There are two relevant senses of the adjective. The first, a commonplace in British sport commentary, is more frequently expressed in the U.S. in the phrase physically fit. But the shorter form is creeping through, thanks in some measure to tennis players, announcers, and reporters, who are partial to it. Thus the New York Times last year quoted Dominika Cibulkova of Slovakia, who had commented that Samantha Stosur “played like a man.” Asked to clarify, Cibulkova said, “As a player, she’s very fit. I’m not saying anything bad.”
A British reader of that quote may have had the impression that Cibulkova fancied Stosur, as the second British meaning of fit is “sexually attractive. The OED cites this 1985 exchange from The Observer: “Better ‘en that bird you blagged last night.’ ‘F—— off! She was fit.’”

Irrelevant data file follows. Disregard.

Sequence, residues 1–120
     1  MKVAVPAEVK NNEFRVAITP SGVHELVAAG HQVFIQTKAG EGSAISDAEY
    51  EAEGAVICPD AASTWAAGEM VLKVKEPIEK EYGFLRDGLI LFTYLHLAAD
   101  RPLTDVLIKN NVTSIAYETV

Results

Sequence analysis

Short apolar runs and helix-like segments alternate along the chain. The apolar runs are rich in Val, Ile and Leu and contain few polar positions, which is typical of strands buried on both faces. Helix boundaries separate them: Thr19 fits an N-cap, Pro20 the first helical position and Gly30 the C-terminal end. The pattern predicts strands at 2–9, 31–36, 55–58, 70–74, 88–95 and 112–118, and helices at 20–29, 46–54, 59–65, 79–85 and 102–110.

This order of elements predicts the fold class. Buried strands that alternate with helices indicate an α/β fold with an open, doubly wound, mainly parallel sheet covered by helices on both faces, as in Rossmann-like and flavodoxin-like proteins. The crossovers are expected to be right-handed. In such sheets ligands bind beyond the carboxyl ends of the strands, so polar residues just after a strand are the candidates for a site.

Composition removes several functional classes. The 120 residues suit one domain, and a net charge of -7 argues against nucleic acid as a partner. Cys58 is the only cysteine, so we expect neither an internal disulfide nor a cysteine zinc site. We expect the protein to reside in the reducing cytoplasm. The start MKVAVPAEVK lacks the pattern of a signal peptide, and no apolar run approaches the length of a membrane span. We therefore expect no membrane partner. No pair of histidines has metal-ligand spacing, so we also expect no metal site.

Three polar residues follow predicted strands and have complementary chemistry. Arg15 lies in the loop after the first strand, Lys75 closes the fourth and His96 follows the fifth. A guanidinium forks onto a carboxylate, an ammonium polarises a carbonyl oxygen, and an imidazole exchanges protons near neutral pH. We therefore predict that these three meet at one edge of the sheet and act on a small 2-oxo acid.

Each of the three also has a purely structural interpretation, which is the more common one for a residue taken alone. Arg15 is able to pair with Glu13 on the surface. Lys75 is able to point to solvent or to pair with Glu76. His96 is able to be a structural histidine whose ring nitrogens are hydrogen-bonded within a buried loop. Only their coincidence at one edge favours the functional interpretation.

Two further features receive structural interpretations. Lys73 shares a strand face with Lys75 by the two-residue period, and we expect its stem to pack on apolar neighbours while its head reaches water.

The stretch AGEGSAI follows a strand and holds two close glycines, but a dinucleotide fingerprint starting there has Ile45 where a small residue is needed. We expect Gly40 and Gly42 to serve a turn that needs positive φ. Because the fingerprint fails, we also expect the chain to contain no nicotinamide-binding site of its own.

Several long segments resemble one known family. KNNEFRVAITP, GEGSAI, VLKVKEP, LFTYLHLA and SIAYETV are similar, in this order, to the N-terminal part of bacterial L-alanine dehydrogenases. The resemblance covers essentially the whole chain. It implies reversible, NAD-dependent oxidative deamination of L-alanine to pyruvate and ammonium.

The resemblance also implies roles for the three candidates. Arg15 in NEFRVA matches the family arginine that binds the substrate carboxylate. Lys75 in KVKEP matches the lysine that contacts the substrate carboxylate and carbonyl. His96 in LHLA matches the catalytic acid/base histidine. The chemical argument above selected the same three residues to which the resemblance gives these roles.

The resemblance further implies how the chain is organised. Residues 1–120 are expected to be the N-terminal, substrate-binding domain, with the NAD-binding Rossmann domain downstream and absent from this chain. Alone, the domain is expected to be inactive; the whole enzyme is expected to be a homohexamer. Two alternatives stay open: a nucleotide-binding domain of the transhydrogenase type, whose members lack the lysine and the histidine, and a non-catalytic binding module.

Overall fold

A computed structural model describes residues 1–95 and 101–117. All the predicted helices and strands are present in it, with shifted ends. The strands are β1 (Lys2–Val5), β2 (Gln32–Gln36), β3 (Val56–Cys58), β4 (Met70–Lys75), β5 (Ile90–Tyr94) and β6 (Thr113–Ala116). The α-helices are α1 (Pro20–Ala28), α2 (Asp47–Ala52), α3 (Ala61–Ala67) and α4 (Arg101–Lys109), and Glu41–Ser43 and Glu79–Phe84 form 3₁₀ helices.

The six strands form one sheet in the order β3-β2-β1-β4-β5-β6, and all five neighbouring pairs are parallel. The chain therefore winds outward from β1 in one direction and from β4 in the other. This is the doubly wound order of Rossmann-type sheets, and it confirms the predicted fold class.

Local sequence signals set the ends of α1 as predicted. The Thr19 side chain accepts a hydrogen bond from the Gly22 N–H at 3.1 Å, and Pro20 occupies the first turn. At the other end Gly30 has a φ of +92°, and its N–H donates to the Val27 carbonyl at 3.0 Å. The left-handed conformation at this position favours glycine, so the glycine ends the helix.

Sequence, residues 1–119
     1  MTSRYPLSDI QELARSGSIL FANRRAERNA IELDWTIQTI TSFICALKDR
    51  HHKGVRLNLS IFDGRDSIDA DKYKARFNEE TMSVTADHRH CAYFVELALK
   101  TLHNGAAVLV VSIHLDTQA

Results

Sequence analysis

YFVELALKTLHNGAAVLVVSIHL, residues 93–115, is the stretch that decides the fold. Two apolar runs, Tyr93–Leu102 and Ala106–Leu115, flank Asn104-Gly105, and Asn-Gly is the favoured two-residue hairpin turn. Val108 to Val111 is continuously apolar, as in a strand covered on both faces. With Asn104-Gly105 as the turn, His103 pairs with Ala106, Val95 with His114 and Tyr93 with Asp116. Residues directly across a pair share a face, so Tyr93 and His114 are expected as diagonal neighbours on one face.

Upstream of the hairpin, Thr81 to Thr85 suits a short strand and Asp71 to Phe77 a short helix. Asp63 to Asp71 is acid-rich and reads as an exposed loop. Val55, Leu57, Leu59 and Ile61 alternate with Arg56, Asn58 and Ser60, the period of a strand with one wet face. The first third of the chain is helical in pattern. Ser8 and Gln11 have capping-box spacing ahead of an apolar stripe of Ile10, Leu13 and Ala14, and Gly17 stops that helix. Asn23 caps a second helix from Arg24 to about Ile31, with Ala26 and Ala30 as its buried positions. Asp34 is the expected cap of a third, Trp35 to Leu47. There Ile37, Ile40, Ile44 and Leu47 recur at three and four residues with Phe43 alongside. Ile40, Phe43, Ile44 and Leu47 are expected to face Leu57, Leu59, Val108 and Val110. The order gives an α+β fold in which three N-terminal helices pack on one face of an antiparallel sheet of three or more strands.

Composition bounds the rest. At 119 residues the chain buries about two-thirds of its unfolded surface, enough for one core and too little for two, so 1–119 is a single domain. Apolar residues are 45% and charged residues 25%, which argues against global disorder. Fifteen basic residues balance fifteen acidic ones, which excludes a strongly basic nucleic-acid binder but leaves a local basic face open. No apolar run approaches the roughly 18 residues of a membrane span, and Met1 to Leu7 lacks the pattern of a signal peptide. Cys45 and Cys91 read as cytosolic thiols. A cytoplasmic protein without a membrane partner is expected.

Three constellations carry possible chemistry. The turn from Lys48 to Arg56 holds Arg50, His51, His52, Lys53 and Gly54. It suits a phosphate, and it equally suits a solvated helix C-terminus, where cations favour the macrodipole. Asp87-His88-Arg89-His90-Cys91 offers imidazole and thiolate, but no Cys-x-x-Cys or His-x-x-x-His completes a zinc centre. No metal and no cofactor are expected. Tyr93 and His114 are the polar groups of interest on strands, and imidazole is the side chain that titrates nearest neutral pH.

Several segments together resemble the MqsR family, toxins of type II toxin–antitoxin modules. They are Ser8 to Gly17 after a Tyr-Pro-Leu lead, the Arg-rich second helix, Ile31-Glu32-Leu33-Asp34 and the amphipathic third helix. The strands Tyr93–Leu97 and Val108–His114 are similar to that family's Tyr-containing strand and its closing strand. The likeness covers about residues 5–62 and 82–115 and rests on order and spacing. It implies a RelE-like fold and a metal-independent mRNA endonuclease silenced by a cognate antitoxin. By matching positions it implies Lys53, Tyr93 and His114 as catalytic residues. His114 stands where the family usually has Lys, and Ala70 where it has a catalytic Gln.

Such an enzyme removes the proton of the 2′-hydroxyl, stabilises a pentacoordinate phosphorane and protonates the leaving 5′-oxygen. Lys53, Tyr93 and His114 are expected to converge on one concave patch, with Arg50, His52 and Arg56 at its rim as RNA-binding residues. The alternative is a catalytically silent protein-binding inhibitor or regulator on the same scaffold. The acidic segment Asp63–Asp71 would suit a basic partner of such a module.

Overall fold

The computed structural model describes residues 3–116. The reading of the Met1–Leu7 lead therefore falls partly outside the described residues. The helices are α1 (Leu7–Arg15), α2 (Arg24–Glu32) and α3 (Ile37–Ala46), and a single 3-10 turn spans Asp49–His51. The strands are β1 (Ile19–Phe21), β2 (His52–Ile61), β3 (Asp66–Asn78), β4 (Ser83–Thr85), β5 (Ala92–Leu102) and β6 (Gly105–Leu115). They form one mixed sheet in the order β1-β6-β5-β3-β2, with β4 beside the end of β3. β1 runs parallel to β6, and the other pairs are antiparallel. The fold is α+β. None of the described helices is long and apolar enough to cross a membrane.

I had never encountered a U.S. use of the second fit till this morning, when New York Times media correspondent David Carr sent this out over Twitter:
Now, it’s possible that Carr was merely imagining a United Parcel Service employee who regularly went to the gym. But where’s the fun in that?